Whole Foods: Everyone’s doing it! (and you should too)

Whole Foods: Everyone’s doing it! (and you should too)

  A few months ago we talked a lot about what is the difference between a Whole Food and a Refined Food. We learned that when foods remain relatively intact from the time they are harvested to the time you pop ’em in your mouth, they are the most supportive to your health. The closer a food is to its original state, the more nutrients- vitamins, minerals, enzymes, and fiber- are available for your body to absorb. Adequate nutrient intake helps every single process that goes on in your body– from brain function to muscle building to digestion.   Now that you have to vocab down from that last post, I thought it would be helpful to explain in more detail WHY whole foods are so important.   Benefits of consuming whole foods   Greater physical and mental energy. Whole foods often make you feel more satisfied and leave you feeling full longer. When you consume a food that is intact (i.e. it doesn’t have a part of it removed, like a refined grain), blood sugar levels become balanced, which reduces cravings and gives you more even, prolonged energy throughout the day. Strong immune system. Improved immune system function decreases the risk of degenerative diseases such as heart disease, diabetes, and cancer. Weight loss. A diet based on whole foods decreases obesity risk because it cuts out processed and damaged fat, added sugars, and synthetic ingredients, all of which have been show to cause weight gain. Healthy digestive system. Consuming primarily whole foods is easier on the digestive system and prevents the onset of many allergies. Fresh food has enzymes built in, which helps us...
Guest post: Snack Facts (+ bonus recipe!)

Guest post: Snack Facts (+ bonus recipe!)

18grains welcomes Patty James, Certified Natural Chef with a Masters degree in Holistic Nutrition. Patty also happens to be the Founder and Director of DirectionFive, a non-profit organization offering culinary and nutrition classes for kids. I’ve known Patty for several years and I am honored to work with her as a newly-licensed DirectionFive teacher. Here are her words of wisdom..  According to a study of 31,337 children and adolescents, snacking can contribute up to 600 calories per day, mostly from high-fat, high-salt, high-sugar foods. Three snacks per day are common and more than 27 percent of children’s daily caloric intake comes from snacks. These snack habits are eroding mealtime where healthier food is generally served. My guess is that adults aren’t too far behind in these statistics. Snacks can be a healthy part of food intake, but should be eaten only when hungry, not as habit or from boredom. Healthy snacking tips: -Choose snacks for variety and select foods from different food groups -Snack only when you are hungry. -Eat snack size portions. -Plan ahead and bring snacks with you. -Read labels for serving sizes and portion control. -Drink water.  At least 8 eight-ounce glasses are recommended each day, unless you have kidney problems. -When you are snacking be sure you are only eating.  Snacking while studying or watching TV usually means you will eat more than you intended! -Plan snacks as a part of the day’s food plan. -When shopping, let children help pick out fruits, vegetables and cheeses, they will be more interested in eating them. -Set aside a “snack spot” in the refrigerator and cupboard; keep it...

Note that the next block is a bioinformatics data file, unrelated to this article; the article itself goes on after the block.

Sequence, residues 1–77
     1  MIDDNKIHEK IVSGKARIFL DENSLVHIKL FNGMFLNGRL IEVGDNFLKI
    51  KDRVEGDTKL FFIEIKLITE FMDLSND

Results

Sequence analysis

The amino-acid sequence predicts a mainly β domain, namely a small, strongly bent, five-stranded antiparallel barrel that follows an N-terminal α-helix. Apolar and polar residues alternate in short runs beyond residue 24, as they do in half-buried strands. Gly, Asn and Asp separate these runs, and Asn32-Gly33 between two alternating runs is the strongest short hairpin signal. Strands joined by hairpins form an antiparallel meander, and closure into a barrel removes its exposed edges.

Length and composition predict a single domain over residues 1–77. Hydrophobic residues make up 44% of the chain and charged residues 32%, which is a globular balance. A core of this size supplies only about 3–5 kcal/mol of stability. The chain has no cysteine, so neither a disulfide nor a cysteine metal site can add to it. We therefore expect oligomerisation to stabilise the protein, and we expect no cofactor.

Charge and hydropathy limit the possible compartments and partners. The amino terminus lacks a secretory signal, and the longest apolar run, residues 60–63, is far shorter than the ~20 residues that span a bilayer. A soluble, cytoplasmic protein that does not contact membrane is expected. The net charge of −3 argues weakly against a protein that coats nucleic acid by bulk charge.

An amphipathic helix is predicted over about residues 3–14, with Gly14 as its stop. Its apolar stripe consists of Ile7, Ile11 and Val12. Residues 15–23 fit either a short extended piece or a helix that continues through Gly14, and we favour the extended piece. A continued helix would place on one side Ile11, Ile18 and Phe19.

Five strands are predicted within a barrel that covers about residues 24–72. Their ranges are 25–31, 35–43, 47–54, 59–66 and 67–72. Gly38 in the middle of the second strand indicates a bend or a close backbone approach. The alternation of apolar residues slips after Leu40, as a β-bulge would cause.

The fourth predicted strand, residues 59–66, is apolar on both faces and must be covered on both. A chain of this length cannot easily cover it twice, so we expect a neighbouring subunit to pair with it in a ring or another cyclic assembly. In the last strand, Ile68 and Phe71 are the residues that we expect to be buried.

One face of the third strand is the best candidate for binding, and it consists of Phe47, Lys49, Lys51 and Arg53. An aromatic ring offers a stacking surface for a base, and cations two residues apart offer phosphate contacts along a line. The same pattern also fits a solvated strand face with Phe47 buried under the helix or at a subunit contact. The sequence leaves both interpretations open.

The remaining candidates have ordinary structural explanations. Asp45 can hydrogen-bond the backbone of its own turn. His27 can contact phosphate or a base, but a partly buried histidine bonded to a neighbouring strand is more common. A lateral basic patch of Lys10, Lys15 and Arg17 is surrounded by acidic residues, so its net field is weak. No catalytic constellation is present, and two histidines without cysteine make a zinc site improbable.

Food for your mood: The mind-body connection

Food for your mood: The mind-body connection

What you eat affects how you feel True fact: the mind-body connection is potent. You’ve probably felt an anxiety-like sugar high from eating too many Girls Scout Cookies, then crashed on the couch with a major headache and a sour attitude (me, guilty). Or don’t we all know someone who becomes a monster when they’re hungry? Stay out of the path of those experiencing low blood-sugar levels (my boyfriend, guilty). These are just some examples of the mind-body connection. Of course, the relationship between nutrition and mental health goes much deeper than this, but the bottom line is this- your thoughts affect your physical body and vise versa. Poor mental health can weaken your immune system and cause all sort of problems. Improving your energy level, mood, concentration, and happiness is not exclusively controlled by what you eat- there are underlying genetic and hereditary conditions perhaps- but it sure is important. Essential nutrients form the building blocks of our growth and development. When our bodies don’t get the required amount, we are not able to build new cells, repair tissues, or defend ourselves from invasions. 300 billion cells die in our bodies every single day, which means we are constantly rebuilding and regenerating. Poor nutrition either makes weakened and damaged cells or takes from our precious reserves, thus, depleting our stores and laying down the foundation for disease to set in- both physical and mental disease. Poor nutrition can make us experience fatigue, tiredness, sleep problems, mood swings, all of which are signs of stress. Poor emotional health can weaken our immune system, which again sets up our body for sickness...